Embodied transculturation and the subversive potential of virtual empathy in the interactive art project 'The Machine to be Another' (2014)

Lora Markova

    Research output: Contribution to conferencePaper

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    Abstract

    This article proposes to study how embodied aesthetic experiences could subvert discursively produced social categories at a non-verbal, somatic and affective level via the analysis of the interactive art project ‘The Machine to Be Another’ by BeAnotherLab. The originality of this research lies in suggesting a paradigmatic shift from representation and discursive formation of cultural identities towards embodied transculturation via media re-enactment of ‘becoming’ the (cultural) Other. ‘The Machine to Be Another’ (since 2014) offers several scenarios of interaction – Gender Swap, empathy towards immigrants, sensory understanding of impairment – that generate virtual empathy on the basis of neuroscience protocols, elements of telepresence and performance, and Oculus Rift technology. Similarly to Kathryn Bigelow’s cyberpunk film Strange Days (1995), The Machine employs subjective camera and first-person footage as an empathic tool. Moreover, the artwork provides a multiplicity of self-reflexive perspectives that functions as a form of disruptive montage subverting regular modes of perception. As Suhr and Willerslev (2013) have argued, montage offers a tool to break the mimetic dogma and make invisible social realities visible, so that the destabilization of common-sense perception could transcend cultural boundaries. The analysis reveals that the subversive potential of the Machine emerges in the somaesthetic fusion between subjective camera and sensorimotor destabilization, which provokes imaginary extension of one’s self in multiple versions. Conceptually these experiential dimensions resemble Mikhail Epstein’s understanding of transculturality as the freedom to be different from others, as well as from one’s own self (1995). The Machine also plays a subversive role by transgressing ideological boundaries and hierarchical dichotomies such as self/other, mind/body, organism/machine, male/female, which Donna Haraway has conceptualised via the metaphor of the ‘cyborg’ (1984). Thus, the article establishes interconnections between Haraway’s cyborg manifesto and the transcultural paradigm, since both entail overcoming of essentialism and binary oppositions.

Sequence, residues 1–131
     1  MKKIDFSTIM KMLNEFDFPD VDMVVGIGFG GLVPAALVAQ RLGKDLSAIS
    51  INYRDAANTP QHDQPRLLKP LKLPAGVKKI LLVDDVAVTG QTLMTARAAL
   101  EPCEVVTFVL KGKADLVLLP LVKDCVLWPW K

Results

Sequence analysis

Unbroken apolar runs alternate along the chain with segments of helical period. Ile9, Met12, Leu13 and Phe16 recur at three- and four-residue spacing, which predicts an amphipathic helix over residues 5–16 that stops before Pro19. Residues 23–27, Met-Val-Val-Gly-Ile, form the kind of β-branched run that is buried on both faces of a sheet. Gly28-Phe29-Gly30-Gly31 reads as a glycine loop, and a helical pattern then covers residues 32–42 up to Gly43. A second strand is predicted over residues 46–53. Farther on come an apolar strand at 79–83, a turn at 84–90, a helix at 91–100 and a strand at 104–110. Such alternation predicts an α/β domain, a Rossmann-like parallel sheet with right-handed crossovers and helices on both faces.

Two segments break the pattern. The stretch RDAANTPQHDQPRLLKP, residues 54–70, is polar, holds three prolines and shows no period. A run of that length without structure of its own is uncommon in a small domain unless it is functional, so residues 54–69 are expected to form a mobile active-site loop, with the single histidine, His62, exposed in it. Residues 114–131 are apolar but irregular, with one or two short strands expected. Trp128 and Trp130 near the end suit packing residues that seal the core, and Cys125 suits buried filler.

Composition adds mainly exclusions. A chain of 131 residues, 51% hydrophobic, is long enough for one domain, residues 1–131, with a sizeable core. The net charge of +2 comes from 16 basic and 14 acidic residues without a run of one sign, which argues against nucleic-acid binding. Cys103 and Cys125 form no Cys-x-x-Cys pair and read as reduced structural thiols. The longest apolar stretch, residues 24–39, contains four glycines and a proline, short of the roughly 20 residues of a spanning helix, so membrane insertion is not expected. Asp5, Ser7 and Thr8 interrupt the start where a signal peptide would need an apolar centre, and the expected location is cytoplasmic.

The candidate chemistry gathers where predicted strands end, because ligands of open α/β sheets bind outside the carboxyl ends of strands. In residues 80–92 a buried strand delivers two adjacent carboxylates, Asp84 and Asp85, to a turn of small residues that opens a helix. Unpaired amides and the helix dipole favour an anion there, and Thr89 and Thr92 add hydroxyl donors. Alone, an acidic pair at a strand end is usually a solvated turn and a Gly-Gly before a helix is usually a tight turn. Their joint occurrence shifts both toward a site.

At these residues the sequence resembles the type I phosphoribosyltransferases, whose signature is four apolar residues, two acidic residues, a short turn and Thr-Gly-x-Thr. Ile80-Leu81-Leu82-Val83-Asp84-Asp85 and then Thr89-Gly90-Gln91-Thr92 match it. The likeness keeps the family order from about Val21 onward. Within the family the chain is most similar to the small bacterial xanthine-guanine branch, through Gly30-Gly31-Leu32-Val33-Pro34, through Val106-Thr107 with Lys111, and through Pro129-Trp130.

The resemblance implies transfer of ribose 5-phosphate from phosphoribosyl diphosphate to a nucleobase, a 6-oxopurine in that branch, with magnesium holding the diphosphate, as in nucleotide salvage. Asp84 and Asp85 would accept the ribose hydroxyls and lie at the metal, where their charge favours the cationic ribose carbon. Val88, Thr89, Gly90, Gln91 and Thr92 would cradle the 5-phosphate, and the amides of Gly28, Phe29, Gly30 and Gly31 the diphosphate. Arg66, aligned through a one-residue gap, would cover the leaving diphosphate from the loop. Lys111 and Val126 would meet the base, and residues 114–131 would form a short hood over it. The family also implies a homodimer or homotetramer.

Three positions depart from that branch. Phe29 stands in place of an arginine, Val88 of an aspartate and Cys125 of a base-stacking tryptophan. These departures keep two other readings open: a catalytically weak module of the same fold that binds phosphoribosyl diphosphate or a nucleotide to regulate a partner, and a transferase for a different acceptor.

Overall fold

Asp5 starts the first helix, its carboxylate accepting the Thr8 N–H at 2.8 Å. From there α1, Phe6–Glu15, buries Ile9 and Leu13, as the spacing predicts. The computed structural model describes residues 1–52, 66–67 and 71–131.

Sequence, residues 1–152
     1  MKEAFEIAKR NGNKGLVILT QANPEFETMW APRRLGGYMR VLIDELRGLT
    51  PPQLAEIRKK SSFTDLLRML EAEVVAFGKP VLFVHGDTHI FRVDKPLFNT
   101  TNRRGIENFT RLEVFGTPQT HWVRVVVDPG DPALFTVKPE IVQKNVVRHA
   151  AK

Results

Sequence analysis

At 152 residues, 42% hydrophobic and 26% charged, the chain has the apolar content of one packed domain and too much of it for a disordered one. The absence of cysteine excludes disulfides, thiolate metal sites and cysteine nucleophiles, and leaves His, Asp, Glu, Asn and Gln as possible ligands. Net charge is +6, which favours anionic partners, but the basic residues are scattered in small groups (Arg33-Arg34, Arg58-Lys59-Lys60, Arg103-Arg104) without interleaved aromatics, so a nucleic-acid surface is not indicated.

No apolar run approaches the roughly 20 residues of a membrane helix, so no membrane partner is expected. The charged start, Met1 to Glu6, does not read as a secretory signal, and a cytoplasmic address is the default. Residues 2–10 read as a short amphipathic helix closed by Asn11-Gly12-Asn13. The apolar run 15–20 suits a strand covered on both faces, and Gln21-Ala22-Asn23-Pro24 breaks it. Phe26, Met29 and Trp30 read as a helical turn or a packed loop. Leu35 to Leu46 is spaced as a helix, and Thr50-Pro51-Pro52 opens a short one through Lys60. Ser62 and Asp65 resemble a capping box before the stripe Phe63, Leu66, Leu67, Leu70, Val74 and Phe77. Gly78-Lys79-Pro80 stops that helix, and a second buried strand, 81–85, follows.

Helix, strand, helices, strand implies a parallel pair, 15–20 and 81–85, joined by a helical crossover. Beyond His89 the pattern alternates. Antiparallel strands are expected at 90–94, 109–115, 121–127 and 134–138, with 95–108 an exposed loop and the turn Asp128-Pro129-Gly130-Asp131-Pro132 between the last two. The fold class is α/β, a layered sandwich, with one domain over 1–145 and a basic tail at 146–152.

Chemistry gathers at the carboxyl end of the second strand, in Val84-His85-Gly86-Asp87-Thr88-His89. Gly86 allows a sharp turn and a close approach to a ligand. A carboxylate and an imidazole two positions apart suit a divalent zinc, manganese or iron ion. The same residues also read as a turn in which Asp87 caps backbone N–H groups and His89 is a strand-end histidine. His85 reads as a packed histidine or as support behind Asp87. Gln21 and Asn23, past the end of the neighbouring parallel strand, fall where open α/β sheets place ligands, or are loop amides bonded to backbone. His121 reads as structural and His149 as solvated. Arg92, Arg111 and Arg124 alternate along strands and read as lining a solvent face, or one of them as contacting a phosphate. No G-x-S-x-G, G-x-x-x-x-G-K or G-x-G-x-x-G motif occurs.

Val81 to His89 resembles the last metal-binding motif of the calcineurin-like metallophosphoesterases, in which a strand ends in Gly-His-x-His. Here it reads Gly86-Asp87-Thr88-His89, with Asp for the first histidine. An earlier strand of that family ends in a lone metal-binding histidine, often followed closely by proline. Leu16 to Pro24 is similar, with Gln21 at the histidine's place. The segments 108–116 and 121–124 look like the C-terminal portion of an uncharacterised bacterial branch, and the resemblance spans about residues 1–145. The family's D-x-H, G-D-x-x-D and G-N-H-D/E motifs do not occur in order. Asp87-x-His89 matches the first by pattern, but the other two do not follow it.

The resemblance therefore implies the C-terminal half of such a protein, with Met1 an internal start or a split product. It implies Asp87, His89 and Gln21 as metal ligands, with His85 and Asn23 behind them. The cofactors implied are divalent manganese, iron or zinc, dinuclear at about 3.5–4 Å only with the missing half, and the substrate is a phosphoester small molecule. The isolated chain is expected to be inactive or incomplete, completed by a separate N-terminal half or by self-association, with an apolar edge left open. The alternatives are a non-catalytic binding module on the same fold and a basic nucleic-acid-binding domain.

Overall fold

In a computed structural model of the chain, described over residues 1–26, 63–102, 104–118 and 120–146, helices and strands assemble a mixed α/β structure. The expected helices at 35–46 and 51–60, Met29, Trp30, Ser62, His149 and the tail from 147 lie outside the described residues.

Original languageEnglish
    Publication statusAccepted/In press - 1 Feb 2018

    Keywords

    • virtual empathy
    • transculturality
    • somaesthetics
    • The Machine to be Another
    • cyborg manifesto

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